FACTUAL BACKGROUND

The Court takes its facts from the Presentence Investigation Report, filed November 15, 2021 (Doc. 3510)(“PSR”), the Addendum to the Presentence Investigation Report, filed December 6, 2021 (Doc. 3519)(“First Addendum”), the Objections, and the Second Addendum to the Presentence Investigation Report, filed December 10, 2021 (Doc. 3522)(“Second Addendum”). The Court makes its findings of fact by a preponderance of the evidence. See United States v. Williams, No. CR. 17-2556 JB, 2020 WL 4016108, at *6 (D.N.M. July 16, 2020)(Browning, J.)(citing United States v. Olsen, 519 F.3d 1096, 1105 (10th Cir. 2008)). Accord United States v. Zapata, 546 F.3d 1179, 1192 (10th Cir. 2008). The Court may rely on hearsay if the hearsay is reliable.[1] See United States v. Banda, 168 Fed.Appx. 284, 289 (10th Cir. 2006)

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(unpublished)(“[T]here is no prohibition on considering hearsay testimony at sentencing, provided it bears indicia of reliability.”).[2] The evidence and information upon which the Court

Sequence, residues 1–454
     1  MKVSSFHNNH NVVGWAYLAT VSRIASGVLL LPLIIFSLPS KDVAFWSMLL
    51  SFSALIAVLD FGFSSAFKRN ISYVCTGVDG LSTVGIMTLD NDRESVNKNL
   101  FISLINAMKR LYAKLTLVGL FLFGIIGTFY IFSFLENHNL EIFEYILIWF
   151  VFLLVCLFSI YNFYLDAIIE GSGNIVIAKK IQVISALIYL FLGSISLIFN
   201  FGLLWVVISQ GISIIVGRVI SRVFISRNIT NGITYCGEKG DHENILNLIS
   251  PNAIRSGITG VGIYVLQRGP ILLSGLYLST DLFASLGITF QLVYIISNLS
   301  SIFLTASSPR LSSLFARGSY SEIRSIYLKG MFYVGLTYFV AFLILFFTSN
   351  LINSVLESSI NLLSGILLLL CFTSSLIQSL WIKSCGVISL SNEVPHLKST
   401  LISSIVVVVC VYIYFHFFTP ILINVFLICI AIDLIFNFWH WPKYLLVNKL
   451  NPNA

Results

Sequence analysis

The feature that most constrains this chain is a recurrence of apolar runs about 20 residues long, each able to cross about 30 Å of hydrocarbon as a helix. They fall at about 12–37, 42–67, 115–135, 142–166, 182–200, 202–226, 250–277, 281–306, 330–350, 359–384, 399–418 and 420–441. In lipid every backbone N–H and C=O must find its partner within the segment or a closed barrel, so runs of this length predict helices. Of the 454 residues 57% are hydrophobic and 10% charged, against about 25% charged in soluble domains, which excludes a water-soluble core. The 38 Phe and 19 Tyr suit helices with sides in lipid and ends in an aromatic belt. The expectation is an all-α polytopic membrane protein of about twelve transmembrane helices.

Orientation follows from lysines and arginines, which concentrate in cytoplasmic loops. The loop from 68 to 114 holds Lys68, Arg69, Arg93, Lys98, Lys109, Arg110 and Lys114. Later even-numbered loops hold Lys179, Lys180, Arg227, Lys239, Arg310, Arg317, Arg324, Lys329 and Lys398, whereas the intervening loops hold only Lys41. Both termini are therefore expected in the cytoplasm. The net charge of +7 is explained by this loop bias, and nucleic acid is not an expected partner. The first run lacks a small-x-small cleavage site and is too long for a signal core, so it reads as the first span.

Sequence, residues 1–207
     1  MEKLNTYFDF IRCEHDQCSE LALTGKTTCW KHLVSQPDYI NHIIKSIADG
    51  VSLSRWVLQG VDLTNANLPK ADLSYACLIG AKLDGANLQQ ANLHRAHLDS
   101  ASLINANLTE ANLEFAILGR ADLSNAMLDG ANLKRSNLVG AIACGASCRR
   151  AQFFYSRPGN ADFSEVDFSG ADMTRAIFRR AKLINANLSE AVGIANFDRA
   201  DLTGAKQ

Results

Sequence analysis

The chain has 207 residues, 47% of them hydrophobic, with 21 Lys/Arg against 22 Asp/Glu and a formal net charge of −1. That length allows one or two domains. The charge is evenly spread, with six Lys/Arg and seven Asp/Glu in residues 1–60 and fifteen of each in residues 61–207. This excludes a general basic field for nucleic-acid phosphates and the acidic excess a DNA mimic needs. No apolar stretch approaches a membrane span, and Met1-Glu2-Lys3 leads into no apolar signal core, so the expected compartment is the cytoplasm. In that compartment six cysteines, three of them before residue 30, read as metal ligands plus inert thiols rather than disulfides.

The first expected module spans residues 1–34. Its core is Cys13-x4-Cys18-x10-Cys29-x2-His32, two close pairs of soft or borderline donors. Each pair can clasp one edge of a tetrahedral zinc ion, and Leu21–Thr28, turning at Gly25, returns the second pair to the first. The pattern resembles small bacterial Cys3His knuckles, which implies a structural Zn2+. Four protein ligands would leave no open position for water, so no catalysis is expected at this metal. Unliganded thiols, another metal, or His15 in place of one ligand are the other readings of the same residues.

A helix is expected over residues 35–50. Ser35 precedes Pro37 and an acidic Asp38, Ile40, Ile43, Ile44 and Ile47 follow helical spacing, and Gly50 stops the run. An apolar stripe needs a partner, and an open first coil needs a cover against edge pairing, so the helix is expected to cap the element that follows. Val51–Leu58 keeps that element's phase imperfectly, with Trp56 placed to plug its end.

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relies must have sufficient indicia of reliability. See U.S.S.G. § 6A1.3 (“In resolving any dispute concerning a factor important to the sentencing determination, the court may consider relevant information without regard to its admissibility under the rules of evidence applicable at trial, provided that the information has sufficient indicia of reliability to support its probable accuracy.”).

1. SNM Background.

2. The Syndicato de Nuevo Mexico (“SNM”) is a “powerful and violent prison gang” that was formed in February, 1980, after a large prison riot at the Penitentiary of New Mexico in Santa Fe, New Mexico. PSR ¶ 6, at 8.

3. Soon after SNM formed, “prison gangs such as the SNM and Los Carnales began to emerge within” the New Mexico Corrections Department (“NMCD”). PSR ¶ 6, at 8.

4. These prison gangs “began to organize themselves and focused primarily on gaining their own status within the correctional institutions by employing violence upon the inmate population to assume a position of leadership and control.” PSR ¶ 6, at 8.

5. Since the 1980s, there have been over 500 SNM members. See PSR ¶ 6, at 8.

6. SNM “operates under a ‘panel' or ‘mesa' (Spanish for [‘]table[']) of leaders who issue orders to subordinate gang members.” PSR ¶ 7, at 8 (no citation for quotation).

7. “Despite being imprisoned and being...